The judgement in Sun Engineering had to be confined to a case where the issue had attained finality in the original proceedings. Such an issue could not be permitted to be agitated by the assessee in reassessment proceedings. However, as the facts showed that the issue had not attained finality in the original proceedings, there was no bar in the assessee raising such issues in the reassessment proceedings.
On facts, the assessee had rendered support services to its subsidiaries and some employees of the latter had worked under the guidance of the assessee, but the work so done by the employees was for the business of the Indian subsidiaries and not for the assessee. There is a distinction between business of the foreign company and that of its Indian subsidiaries. What was done by the employees of the Indian subsidiaries was running the business of the Indian subsidiaries with the guidance of the assessee. The work done by the employees of Indian subsidiaries did not mean that these employees were doing business of the foreign principal unless the work so done by these employees entitled the assessee for rewards of the work so done. The situs and manner of rendering of services, by anyone other than the employees or sub-contractees of the foreign principal, cannot govern whether or not the foreign principal will have a PE in India.
Where the ITO conducted a survey u/s 133A of the Act on the premises of the Petitioner, a practicing Chartered Accountant, and impounded books of account /documents belonging to the Petitioner and retained such books of account/documents and the Petitioner filed a Writ Petition to challenge the same, HELD, allowing the Petition:
Where the assessee was a stock broker but it was consistently following the practice of holding some shaes as ‘stock in trade’ and other shares as ‘investments’ and the question arose whether the profits on the sale of shares held as investments constituted a capital gain or business profits, HELD
Though the issue and service of notice relates to procedural law S. 292-BB takes away the valuable right of an assessee to challenge the validity of assessment during the course of appellate proceedings and creates a new disability on the assessee by debarring him from challenging the validity of the same;
(4) Consequently, s. 292-BB cannot be construed to be retrospective and has to be applied prospectively in respect of AY 2008-09 and subsequent years.
In CIT vs. Suresh N. Gupta 297 ITR 322, the Supreme Court held that the Provio to s. 113 (which imposes surcharge on block assessments), though inserted only with effect from 1.6.2002, was applicable to searches conducted prior to that date as it was ‘clarificatory’ and ‘curative’ in nature.
HELD, however, by another Division bench that as the said proviso was introduced with effect from 1.6.2002, i.e. with prospective effect “we are of the opinion that keeping in view the principles of law that the taxing statute should be construed strictly and a statute, ordinarily, should not be held to have any retrospective effect, it is necessary that the matter be considered by a larger Bench”.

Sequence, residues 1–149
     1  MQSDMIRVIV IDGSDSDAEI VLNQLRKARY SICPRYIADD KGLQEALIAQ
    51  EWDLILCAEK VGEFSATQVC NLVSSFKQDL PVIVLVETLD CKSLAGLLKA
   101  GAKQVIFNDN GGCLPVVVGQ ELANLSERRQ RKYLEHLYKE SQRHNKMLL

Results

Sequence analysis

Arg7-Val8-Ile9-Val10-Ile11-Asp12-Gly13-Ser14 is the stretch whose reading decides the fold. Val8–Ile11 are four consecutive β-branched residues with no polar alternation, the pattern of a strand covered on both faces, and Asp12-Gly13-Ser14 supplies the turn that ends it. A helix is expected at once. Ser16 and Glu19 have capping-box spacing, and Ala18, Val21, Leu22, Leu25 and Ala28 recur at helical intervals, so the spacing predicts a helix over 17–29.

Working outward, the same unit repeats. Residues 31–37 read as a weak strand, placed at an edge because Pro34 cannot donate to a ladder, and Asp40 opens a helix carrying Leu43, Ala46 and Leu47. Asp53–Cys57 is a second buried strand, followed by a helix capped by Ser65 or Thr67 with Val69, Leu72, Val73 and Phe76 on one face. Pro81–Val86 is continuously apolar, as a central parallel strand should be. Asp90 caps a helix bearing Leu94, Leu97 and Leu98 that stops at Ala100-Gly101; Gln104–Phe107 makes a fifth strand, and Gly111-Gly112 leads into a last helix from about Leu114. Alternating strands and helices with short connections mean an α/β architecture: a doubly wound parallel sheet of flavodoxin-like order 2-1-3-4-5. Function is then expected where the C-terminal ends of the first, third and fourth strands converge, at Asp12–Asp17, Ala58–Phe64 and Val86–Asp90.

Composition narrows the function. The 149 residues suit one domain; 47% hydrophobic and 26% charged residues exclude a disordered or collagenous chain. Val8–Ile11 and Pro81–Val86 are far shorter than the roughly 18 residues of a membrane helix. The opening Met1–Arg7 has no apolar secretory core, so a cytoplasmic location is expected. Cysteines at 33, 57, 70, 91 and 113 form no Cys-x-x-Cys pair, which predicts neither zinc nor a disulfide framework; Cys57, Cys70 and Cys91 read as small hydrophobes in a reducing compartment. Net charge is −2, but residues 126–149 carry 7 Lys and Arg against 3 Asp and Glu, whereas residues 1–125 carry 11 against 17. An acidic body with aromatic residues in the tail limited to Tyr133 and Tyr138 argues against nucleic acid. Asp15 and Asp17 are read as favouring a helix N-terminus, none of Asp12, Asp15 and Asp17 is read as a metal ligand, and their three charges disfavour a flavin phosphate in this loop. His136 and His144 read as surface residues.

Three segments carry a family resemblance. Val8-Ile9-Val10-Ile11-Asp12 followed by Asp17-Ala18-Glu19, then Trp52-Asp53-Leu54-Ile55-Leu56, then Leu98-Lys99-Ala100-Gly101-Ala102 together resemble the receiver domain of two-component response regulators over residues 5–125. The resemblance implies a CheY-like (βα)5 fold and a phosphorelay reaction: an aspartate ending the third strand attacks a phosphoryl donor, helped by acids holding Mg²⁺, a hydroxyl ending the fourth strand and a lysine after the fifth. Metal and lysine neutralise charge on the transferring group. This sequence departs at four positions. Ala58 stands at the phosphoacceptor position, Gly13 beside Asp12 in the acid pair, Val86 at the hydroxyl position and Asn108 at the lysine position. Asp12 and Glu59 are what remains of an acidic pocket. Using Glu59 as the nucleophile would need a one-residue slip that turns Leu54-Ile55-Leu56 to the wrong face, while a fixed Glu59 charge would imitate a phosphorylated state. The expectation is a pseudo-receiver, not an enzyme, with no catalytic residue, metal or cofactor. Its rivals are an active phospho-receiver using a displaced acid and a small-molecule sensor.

Under the Right to Information Act, the Court is required to provide information as to the assets declared by the Judges
In Shruti Colorants a Division Bench held that where there was a delay in filing Appeals u/s 35G of the Central Excise Act (= s. 260A of the IT ACT), the Court had no power to condone the delay by taking recourse to s. 5 of the Limitation Act.
This view is incorrect because by virtue of s. 29(2) of the Limitation Act, where a statute is silent, the provisions of s. 5 of the Limitation Act applies and the Court has power to condone delay.
Accordingly, Shruti Colorants is overruled.
Where the AO issued a show-cause notice alleging that the Appellant was not an “new undertaking” eligible for deduction u/s 10B but in the assessment order denied deduction on the different ground that the activity of the assessee did not constitute “manufacturing” without considering any of the several judgements on the issue, HELD that arbitrariness was writ large on the face of the assessment order and that the same had to be quashed by the Court by exercise of its extraordinary powers under Article 226 of the Constitution even though the assessee had alternative remedies of appeal against the said order.
Though s. 275(1) (c) provides that the limitation for levy of penalty shall be “after the expiry of the financial year in which the proceedings, in the course of which action for the imposition of penalty has been initiated, are completed, or six months from the end of the month in which action for imposition of penalty is initiated, whichever period expires later”, in a case where the initiation of action for imposition of penalty is not in the course of some proceedings (e.g. penalty u/s 271B for failure to get accounts audited u/s 44AB and non-filing of audit report), the first part of s. 275(1)(c) would have no application and it is only the period of limitation prescribed in the second part which would apply. Since only one period of limitation would be applicable, the expression “whichever period expires later” would have to be read as that very period of limitation.